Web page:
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Old 05-05-2012, 01:46 PM   #1
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Dad's boat

This is the boat my father had built in Maine using Airex foam sandwich construction. It was over built as most of dad's things were. It was " Free at Last" when dad owned her but was renamed "Islander" by her 2nd owner ..... a friend of dad's. The 4th owner just bought her after a VERY extensive re-fit. Islander has her original 6-71 Detroit Diesel engine in perfect condition. She had a fly bridge originally but was recently removed. The most noticeable part of her recent re-fit was not her engine rebuild but her conversion from a lobster trawler yacht to a serious fishing boat. I guess dad knew he'd be needing a tough boat as he got stuck on a rock in Mitchell Bay (Admiralty Is) so many times that the rock became known as "Henning's Rock" in the vicinity. Islander was always a great boat and I wish her the best in fishing and the best in care.
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Old 05-05-2012, 02:40 PM   #2
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Eric: She looks like a beauty. How old is she and what is the hull shape? Are those paravanes I see?
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Old 05-05-2012, 03:21 PM   #3
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Larry,
She was built in the early to mid 80s. She is a skeg built lobster style hull. Much like Carey's boat ....very much if Carey's is not a built down hull. She has a very easy entry and soft chines. She was built in Maine by a small yard that usually built lobster boats. Dad would be on the phone every day during the construction tell'in them to make her more this or that .....usually heavier and more skookum as dad was fond of say'in. Paravanes yes. She's got all the bells and whistles of a propper troller right down to the Forfjord anchor. Islander is beamy and stable.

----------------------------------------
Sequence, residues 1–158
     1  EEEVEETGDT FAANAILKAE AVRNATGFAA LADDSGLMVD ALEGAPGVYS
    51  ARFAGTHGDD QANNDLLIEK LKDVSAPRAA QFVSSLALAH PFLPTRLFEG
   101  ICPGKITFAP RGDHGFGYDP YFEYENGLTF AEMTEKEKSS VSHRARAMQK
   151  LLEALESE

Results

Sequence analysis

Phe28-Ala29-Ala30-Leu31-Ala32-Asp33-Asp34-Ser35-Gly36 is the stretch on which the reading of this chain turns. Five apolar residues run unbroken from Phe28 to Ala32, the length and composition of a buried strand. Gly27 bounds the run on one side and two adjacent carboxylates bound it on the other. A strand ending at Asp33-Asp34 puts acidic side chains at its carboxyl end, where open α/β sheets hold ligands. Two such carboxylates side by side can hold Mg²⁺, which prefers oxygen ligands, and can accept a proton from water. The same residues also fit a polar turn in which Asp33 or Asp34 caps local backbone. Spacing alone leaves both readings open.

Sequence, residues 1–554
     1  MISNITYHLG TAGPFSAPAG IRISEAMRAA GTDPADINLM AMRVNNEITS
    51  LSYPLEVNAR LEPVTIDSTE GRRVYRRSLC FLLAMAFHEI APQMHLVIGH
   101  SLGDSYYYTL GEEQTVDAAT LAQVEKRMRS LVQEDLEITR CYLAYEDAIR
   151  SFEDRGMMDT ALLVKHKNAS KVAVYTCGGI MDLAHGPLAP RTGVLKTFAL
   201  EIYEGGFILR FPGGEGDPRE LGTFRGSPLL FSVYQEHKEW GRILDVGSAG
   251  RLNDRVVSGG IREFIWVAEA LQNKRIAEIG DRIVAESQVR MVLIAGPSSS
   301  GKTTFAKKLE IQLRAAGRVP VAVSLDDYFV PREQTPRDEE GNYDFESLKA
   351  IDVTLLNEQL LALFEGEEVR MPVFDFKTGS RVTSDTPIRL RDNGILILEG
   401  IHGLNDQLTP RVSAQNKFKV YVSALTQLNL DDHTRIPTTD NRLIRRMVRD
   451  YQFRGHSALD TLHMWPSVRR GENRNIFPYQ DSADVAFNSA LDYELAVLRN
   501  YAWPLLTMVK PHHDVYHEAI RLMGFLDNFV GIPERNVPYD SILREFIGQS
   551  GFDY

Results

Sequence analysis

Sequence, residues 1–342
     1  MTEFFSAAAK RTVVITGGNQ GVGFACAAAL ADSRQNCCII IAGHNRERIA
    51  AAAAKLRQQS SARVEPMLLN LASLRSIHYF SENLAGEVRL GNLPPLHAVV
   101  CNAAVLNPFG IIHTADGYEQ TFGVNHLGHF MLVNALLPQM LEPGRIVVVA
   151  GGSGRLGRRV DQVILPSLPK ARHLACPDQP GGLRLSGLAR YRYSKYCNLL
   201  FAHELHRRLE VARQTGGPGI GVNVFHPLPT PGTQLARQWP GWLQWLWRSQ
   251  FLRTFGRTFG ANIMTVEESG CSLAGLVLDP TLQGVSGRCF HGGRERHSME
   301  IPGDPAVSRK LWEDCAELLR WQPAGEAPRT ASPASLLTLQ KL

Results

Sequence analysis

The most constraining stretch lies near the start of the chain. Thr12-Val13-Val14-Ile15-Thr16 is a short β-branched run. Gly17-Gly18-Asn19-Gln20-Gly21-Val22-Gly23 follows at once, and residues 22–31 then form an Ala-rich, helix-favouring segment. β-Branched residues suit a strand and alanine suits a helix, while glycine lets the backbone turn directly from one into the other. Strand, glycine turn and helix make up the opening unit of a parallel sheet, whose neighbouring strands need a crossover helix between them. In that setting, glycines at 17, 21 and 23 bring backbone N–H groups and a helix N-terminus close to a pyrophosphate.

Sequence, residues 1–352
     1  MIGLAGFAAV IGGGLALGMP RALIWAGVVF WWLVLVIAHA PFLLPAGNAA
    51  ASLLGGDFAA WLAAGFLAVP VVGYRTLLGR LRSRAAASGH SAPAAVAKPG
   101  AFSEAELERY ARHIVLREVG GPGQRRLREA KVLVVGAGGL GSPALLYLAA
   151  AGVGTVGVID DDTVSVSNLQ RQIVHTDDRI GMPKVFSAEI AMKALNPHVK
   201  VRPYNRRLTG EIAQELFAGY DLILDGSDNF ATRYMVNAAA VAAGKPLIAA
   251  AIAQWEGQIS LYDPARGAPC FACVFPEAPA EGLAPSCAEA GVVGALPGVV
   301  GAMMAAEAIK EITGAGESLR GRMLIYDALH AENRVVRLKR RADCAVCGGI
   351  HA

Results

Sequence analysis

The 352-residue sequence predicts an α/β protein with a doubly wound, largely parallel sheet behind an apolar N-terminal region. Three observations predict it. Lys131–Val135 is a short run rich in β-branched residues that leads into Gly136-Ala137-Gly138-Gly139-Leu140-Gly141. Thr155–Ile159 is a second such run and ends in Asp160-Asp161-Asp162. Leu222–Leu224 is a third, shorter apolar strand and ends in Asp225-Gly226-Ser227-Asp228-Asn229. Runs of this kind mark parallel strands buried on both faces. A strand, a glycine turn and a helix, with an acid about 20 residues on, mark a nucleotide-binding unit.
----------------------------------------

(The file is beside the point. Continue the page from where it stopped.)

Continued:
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Old 05-05-2012, 04:54 PM   #4
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You already know what I think...
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Old 05-05-2012, 06:03 PM   #5
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Can you remember which Yard built her? The argument as to which is better, "built down" or "skeg built" still goes on among the locals here.
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Old 05-05-2012, 08:29 PM   #6
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dwhatty,
No and I may have spoke too soon. Now that I think more on it I'm not sure it was a skeg build. I ca'nt remember it out of the water. But if they ca'nt agree on which is better What's the difference. Could be the skeg type is best for higher speeds and built down for more efficiency at slower speeds. Lobster types are so rare out west we do'nt even have any old wife tales about them. I do'nt remember seeing any narrow lobster boats recently and the contemporary boats have huge engines in them and wide beams. As I recall the old boats from about the early 50s had gas flat head six's of 100hp (about). They must have been about 8' wide. Are there any left? Or were they always wide.
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Old 05-05-2012, 09:12 PM   #7
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Lovely real proper boat!
I think flybridges are overrated, I rarely use mine.
Is that a dry exhaust,does that indicate keel cooling? And what looks like a cylindrical tank on the coach-house,what is that for? BruceK
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Old 05-05-2012, 09:15 PM   #8
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I know you like those reel type anchor windlass, but to my eye that thing really screws up the lines of what is a really pretty boat.
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Old 05-05-2012, 10:56 PM   #9
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BruceK,